Benjamin Latrobe and William Strickland are generally credited with being the first two professional architects to work in the Philadelphia region. We know Strickland's father worked for Latrobe as a carpenter and later William was apprenticed to Latrobe for two years but left architecture to become a painter. He obviously kept an interest in architecture, because at the age of 27, in 1815, he entered and won the competition to design the Second Bank of the United States. The building, as a first major effort by a young architect, is nothing short of amazing.

The front and rear elevations are clearly based on archeological information like that found in the Antiquities of Athens The sides of the buildings are without columns or other decoration but are almost modern flat slabs pierced with windows. (Strickland does pull off a great architectural slight-of-hand - see the Second Bank entry).

After the Second Bank, Strickland created a series of buildings along the Schuylkill in his 1827 United States Naval Asylum by almost lifting the whole temple fronts out of Stuart and Revett's work. You can see the growing confidence in Strickland's work with the Merchants Exchange of 1832 where, instead of copying any particular building, he combines different classical elements freely to create a large scale building for commerce.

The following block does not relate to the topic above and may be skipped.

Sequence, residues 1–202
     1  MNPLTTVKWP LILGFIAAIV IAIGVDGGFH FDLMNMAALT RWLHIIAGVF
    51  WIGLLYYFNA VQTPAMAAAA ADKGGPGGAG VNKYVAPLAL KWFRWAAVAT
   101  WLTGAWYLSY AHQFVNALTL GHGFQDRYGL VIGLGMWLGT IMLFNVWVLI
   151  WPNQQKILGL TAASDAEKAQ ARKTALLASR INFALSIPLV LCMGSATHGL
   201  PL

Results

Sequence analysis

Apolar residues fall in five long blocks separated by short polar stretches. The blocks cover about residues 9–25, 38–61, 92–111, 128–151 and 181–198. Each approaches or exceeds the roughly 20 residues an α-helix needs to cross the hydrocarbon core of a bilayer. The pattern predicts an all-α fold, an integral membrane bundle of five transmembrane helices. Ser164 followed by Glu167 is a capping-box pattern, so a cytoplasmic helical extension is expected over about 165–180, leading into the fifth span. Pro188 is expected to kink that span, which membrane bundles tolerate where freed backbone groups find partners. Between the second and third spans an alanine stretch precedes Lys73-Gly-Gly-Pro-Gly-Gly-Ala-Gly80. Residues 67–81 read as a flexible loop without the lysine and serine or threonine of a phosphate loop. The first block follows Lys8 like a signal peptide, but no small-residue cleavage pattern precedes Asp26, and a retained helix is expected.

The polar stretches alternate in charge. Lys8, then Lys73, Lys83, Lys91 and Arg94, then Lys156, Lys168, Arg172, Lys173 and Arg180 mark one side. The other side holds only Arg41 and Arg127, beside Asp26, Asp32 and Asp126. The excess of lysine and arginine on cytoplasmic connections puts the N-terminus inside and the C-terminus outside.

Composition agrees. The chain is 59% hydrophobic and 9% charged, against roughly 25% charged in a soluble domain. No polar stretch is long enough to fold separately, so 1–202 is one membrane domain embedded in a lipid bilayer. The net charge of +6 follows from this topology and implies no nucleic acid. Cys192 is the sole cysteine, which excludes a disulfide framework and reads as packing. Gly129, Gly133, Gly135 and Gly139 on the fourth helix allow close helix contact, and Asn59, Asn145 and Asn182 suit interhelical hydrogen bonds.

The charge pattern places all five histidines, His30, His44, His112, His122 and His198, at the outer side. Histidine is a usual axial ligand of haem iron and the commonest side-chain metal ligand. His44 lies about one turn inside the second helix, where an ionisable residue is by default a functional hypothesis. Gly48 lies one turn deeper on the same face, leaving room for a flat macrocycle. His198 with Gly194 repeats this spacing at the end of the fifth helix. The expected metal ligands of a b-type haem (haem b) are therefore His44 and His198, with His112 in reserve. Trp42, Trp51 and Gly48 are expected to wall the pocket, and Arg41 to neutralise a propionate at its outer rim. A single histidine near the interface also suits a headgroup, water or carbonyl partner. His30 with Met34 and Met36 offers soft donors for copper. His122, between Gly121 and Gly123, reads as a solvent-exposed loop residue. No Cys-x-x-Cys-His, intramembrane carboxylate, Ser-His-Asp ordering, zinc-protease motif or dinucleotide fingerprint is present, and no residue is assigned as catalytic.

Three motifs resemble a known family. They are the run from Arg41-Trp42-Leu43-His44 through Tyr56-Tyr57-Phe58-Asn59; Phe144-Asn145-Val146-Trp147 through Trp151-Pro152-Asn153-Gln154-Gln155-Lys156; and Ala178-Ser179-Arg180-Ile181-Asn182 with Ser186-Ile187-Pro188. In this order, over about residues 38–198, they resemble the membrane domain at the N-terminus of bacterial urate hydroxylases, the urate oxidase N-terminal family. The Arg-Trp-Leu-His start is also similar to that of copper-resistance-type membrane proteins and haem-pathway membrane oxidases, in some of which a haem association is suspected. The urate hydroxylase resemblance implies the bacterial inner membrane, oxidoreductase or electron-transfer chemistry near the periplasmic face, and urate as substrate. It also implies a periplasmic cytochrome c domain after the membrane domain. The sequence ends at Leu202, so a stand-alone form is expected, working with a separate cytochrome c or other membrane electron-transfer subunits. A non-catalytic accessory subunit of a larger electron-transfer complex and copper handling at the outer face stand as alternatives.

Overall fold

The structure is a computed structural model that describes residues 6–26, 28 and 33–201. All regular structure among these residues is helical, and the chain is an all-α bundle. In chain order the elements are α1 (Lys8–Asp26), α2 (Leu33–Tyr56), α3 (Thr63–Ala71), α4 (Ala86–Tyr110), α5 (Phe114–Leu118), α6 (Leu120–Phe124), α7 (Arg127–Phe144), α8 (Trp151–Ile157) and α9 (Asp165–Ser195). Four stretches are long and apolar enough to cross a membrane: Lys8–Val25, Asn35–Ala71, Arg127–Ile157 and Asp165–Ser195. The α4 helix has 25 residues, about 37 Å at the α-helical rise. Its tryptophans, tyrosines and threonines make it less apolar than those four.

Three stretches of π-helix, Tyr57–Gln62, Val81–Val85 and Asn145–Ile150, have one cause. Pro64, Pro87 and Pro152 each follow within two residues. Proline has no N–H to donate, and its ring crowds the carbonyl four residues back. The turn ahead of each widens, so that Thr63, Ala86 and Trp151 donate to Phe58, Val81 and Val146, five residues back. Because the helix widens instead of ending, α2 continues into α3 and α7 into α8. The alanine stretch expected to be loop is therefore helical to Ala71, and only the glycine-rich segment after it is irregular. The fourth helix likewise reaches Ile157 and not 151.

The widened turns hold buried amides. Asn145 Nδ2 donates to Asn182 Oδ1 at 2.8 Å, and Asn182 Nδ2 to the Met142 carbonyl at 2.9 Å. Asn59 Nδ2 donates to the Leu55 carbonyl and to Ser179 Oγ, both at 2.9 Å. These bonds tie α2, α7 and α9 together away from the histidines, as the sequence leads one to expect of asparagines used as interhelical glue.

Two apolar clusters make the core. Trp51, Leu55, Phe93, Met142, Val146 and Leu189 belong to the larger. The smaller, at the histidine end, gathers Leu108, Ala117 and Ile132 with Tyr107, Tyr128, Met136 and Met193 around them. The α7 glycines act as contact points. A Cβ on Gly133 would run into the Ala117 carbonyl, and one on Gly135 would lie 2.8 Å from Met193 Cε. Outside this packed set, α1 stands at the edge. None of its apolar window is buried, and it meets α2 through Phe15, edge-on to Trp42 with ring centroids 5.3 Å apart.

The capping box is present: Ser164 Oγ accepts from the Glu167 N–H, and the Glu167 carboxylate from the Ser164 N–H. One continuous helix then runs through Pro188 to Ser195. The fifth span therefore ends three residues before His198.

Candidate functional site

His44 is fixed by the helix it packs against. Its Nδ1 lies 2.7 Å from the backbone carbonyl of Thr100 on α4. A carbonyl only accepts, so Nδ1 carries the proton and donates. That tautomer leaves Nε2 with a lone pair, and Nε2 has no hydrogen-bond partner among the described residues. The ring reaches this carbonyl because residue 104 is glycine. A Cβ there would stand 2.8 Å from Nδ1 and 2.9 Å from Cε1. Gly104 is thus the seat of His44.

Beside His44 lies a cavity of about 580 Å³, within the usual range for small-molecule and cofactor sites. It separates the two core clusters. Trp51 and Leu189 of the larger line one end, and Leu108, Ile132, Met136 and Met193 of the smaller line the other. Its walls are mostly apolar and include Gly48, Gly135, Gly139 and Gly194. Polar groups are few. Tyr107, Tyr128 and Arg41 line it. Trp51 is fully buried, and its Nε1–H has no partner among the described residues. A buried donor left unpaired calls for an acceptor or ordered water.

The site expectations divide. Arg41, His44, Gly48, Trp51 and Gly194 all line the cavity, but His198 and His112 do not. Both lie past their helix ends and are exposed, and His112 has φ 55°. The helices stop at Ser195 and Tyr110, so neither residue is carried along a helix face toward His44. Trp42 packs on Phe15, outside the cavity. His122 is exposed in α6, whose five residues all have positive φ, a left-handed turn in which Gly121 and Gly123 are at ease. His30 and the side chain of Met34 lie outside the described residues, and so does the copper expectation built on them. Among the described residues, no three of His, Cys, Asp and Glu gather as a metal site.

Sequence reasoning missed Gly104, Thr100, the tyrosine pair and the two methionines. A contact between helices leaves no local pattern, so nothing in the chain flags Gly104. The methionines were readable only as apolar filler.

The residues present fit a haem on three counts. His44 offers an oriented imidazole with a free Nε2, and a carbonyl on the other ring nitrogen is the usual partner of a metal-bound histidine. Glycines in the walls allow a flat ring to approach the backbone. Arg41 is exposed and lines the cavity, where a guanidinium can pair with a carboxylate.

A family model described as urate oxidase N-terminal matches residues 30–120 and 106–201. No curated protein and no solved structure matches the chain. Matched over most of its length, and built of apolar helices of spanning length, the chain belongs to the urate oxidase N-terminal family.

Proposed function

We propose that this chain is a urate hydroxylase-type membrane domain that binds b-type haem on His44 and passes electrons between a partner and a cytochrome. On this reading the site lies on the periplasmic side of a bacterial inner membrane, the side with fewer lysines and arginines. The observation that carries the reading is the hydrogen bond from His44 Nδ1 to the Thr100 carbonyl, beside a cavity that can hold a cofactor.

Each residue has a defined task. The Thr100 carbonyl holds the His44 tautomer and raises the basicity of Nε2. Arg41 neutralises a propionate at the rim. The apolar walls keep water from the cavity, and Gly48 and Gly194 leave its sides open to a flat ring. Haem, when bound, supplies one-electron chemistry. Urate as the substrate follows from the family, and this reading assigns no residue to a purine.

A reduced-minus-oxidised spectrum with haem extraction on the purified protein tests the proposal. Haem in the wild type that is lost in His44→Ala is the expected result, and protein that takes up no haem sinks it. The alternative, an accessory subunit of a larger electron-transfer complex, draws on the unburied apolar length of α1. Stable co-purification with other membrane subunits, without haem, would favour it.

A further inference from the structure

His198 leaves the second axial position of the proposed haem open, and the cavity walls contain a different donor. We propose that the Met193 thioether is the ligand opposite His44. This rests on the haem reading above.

Strickland left the Philadelphia in 1837 for Nashville, Tennessee and was hired to create the Tennessee State House - one of his largest and most sophisticated buildings. Strickland was not however just a Greek revival architect. He designed several buildings in the gothic style and even went back to the Georgian Style to redesign Independence Hall's tower, which is the one we see today.
William Strickland
1788-1854
Portrait of Strickland standing before the Second Bank of the United States, Philadelphia. John Neagle, 1829, Yale University Art Gallery